Sempé Jean-Jacques

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Jean-Jacques Sempé, usually known as Sempé (French: [sɑ̃'pe]; 17 August 1932 – 11 August 2022), was a French cartoonist. He is known for the series of children's books he created with René Goscinny, Le Petit Nicolas, and also for his poster-like illustrations, usually drawn from a distant or high viewpoint depicting detailed countrysides or cities.For decades, he created covers for The New Yorker.

His career started in France within the context of the Franco-Belgian comics industry. His "mute" watercolours or single image sketches, where the characters speak in pictures or not at all (but somehow manage to convey a rich story) slowly gained international attention. He won his first award in 1952 which is given to encourage young amateur artists to turn professional.

Sempé's full page cartoons appeared in Paris Match for many years.In the 1950s, Sempé became a friend of René Goscinny who would later create Asterix. Together, they invented the character "Little Nicolas" in 1959. Le Petit Nicolas appeared from 1954 in Le Moustique and Sempé drew upon childhood influences and memories to illustrate the comic. In 1960, the comic Le Petit Nicolas was published in Pilote magazine. It was at the time unusual modern children's literature given that it is centred on the experience of the child, rather than an adult interpretation of the world. In general, Sempé rarely drew from life, drawing something every day, putting sketches aside when he got bored with them.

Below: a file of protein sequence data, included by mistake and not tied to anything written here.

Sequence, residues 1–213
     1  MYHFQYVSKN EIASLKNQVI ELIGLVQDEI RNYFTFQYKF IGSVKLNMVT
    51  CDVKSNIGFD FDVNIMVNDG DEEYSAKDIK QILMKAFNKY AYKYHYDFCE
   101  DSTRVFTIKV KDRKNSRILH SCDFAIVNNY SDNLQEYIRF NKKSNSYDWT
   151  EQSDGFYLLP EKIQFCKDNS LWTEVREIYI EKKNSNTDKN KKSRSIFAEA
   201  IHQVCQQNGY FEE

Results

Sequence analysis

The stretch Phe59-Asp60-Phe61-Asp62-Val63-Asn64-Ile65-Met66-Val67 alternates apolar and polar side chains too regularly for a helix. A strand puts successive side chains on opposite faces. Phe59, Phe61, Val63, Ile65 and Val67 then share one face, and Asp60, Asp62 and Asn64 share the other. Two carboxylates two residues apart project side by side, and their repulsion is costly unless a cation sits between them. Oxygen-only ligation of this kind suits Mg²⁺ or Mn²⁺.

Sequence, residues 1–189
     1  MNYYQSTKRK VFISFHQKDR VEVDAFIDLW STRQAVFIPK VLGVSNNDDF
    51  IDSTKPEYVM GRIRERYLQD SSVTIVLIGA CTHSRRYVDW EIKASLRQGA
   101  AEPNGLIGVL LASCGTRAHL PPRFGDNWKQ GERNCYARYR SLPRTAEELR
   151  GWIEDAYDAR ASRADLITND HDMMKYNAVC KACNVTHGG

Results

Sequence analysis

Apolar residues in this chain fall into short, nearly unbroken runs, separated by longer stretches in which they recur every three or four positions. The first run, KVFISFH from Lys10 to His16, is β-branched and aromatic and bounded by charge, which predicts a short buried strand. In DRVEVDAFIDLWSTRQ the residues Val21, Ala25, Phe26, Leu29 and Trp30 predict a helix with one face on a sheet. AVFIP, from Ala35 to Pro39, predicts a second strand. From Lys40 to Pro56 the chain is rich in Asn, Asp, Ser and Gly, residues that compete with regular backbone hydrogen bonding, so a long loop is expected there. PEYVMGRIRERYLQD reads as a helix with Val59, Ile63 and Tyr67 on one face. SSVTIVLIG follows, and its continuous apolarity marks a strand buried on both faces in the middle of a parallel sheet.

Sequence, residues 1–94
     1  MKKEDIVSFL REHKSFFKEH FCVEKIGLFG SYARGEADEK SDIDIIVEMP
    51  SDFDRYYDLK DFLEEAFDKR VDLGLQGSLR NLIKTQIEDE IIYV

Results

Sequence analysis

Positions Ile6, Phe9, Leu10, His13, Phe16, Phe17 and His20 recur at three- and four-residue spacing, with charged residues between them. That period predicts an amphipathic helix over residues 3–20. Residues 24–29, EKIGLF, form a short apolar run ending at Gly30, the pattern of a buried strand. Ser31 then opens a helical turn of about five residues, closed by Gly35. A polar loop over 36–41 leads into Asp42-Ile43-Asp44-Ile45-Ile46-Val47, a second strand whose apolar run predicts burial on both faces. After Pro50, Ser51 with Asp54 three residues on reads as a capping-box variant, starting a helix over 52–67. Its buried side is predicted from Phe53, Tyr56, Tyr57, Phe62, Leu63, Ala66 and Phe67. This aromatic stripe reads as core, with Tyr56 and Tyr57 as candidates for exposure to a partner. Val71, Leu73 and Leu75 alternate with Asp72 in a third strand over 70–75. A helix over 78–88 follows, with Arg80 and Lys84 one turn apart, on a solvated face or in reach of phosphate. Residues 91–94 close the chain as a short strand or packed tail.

His work has appeared as the cover of The New Yorker magazine from 1978,more than a hundred times.He illustrated Süskind's 1991 novella Die Geschichte von Herrn SommerLe Petit Nicolas was translated into 30 languages. A translation of his drawings into English, by Anthea Bell, was published in four volumes in 2006: Nothing is Simple (1962), Everything is Complicated (1963), Sunny Spells (1999) and Mixed Messages (2003). On the occasion of his 80th birthday, the Wilhelm Busch Museum held an exhibition of his work in 2012.